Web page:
10 Reasons to Get PT 1st

Today is get PT 1st social media day.  In honor of that here are 10 reasons to think about either getting PT first for your pain or injury problem, or using PT in conjunction with other treatment such as surgery, medication, injections, or further testing.

Green Road Sign - Right Decision

  • PT is Effective: Research clearly shows that things like exercise, manual therapy, and education are effective for recovery from pain and injury.  These are right in the wheelhouse for physical therapists.  Research is now also showing that for things like menisectomies with knee pain, rotator cuff repairs for shoulders, back surgery, and injections, 1 year after people having therapy are at the same functional and pain levels as the people who have surgery.
  • PT is Cost Effective: Not only is PT being shown to be as effective as surgery in many cases for common orthopedic injuries, it is much less expensive.  Surgeries generally cost in the tens of thousands of dollars, where in Colorado you can easily get a full course of therapy for less than a thousand dollars, even longer courses of therapy will be less expensive that imaging, surgery, or injections.  One recent study shows that people with back pain will spend on average $4700 less if they 1st use PT rather than starting with an MRI.
  • Time:  Despite being considerably less expensive, you generally get to spend a lot of time with your therapist.  This allows your therapist to fully understand you and your situation, gives you time to ask questions and learn about your problem. You most likely will see your therapist more frequently than your a doctor.  This allows your progress to be monitored, questions to be answered, and situations dealt with more quickly between dr. appointments. Do I need the medicine? Its hurting more did I damage it? Can I go back to work yet? How am I doing with my progress?
  • Access: From my experience as a therapist, we tend to be very accessible to our clients.  We answer phone calls quickly.  We can generally schedule people reasonably quickly.  If you are in pain before the weekend we can get you in, not 2 weeks from Thursday.  If a situation comes up post surgically and you aren’t sure if it is a big deal or not we can talk to you on the phone or take a quick look on short notice.  This can either give you peace of mind or catch something before waiting too long.
  • Direct Access: In Colorado and many other states PTs have had direct access for many years.  This means we can see people without referral from a doctor.  If you have pain or injury that doesn’t require an ER visit we can save you the time and expenses of scheduling a doctor appointment for them to just send you to therapy.  If you have had a therapist help you before, he/she is probably the best place to start with a recurrence or new injury.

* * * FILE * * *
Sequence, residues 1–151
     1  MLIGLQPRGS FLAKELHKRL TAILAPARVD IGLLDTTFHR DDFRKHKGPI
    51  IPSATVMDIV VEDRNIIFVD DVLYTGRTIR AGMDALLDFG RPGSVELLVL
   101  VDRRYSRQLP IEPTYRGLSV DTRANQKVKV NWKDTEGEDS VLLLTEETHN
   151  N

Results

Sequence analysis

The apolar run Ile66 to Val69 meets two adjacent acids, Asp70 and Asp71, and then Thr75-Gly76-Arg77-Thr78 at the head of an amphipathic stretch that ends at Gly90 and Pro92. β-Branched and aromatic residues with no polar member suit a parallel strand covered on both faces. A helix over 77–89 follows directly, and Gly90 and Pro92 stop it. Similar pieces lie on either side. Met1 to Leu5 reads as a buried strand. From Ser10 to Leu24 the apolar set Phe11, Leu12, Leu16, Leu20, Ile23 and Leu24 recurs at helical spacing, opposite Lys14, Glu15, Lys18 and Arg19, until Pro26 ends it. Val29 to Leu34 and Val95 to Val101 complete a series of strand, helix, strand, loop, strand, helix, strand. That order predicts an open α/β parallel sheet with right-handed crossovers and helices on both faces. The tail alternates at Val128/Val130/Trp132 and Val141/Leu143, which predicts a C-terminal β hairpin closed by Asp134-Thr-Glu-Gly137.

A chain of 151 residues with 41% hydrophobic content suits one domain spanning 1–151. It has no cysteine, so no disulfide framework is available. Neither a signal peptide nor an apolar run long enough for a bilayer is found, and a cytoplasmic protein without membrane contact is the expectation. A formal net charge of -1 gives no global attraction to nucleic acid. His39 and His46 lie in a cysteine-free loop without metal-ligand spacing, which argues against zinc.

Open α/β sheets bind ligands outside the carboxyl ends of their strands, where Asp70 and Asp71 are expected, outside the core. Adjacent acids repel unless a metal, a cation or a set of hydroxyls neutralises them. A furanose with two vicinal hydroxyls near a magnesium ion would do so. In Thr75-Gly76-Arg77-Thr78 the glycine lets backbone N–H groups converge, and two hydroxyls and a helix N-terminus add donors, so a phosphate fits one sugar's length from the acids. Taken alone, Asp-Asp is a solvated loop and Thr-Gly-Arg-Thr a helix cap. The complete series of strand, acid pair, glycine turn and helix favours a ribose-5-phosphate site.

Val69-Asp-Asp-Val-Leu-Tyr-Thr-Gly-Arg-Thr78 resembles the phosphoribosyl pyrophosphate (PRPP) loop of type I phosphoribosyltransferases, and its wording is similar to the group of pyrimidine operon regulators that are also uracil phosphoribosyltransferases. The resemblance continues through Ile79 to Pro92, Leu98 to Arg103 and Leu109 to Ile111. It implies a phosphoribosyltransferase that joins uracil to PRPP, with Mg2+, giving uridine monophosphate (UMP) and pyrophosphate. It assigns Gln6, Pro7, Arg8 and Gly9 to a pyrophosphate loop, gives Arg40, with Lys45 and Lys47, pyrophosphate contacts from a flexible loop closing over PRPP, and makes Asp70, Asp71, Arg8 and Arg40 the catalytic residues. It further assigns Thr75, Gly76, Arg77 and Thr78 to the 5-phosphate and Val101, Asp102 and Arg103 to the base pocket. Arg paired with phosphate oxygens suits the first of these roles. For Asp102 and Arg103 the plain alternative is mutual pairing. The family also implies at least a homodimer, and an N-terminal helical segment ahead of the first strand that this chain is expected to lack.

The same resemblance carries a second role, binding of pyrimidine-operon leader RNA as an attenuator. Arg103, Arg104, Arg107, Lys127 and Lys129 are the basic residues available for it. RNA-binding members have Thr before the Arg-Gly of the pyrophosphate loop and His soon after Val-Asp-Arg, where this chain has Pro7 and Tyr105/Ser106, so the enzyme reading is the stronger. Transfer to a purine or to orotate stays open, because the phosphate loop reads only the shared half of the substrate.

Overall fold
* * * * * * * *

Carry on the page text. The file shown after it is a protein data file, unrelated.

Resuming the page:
• We Treat the Whole Person: In today’s medical system everything seems to be specialized. One person treats some of your issues, while another treats others.  Frequently, especially with pain problems, multiple areas of your body may be an issue, along with multiple systems, muskuloskeletal, nervous, immune, cardiovascular, sympathetic etc…Therapists are trained to work with all of these systems and how to evaluate how they may be influencing each other and your problem.
  • PTs Can Be a Bridge Between Conventional and Alternative Medicine: PTs are educated with an evidence based approach in a conventional medicine model.  But because of our unique place in medicine, many of us work with people in alternative and ancillary wellness fields such as massage, accupuncture, yoga, trainers etc.  We can help people understand how those fields can assist in your recovery in an evidence based way and help transition people to those areas as they are ready.
  • PT is an Active Approach: Research shows that people who are active copers and who take an active approach will recover from injury and pain better than people with a passive coping approach.  Many treatments commonly used are passive, such as surgery, medications and injections.  These obviously have there places, but adding an active approach to these passive ones will help recovery. PTs work in an active recovery model.  We use education for self care and management and exercise as primary components.  We want to get people moving and understand their problem better to be able to recover faster or self manage as best they can.
  • PTs Work With Everyone: Many people are aware that a PT might see you after surgery, but the list of areas we work is much bigger than most people are aware of.  We may see you after knee surgery.  We can work with people after a whiplash injury in a car accident or a back strain at work.  You might see us on the side of the field during a high school football game.  Therapists work with people after suffering strokes.  We work with people the day of an injury, getting people out of bed and ready to return home after surgery in the hospital or with months or years long chronic pain after a failed back surgery.  We can assess a factory for proper ergonomics or your mom’s house for safety when she is returning home after surgery.  Some therapist manage weight loss fitness programs or cardiac rehab programs.  Others work with kids with developmental delay.  You will see therapists in clinics, hospitals, people’s homes, rehab centers, on the side of sports fields, using horses for equine therapy, in pools doing aqua therapy, in burn units, fitting an amputee with a prosthetic and many other places.
  • PTs Want to Work With You: PTs get into this profession because we love to help people.  We spend many years working on our degree and a lot of time doing continuing education and reading to keep up with science to help people the most effective ways we can.  PT does not always seem like the easiest or simplest way to get better.  Passive treatments seem like less effort, but in the long run working with a PT can be a great way to recover.  And we love to help.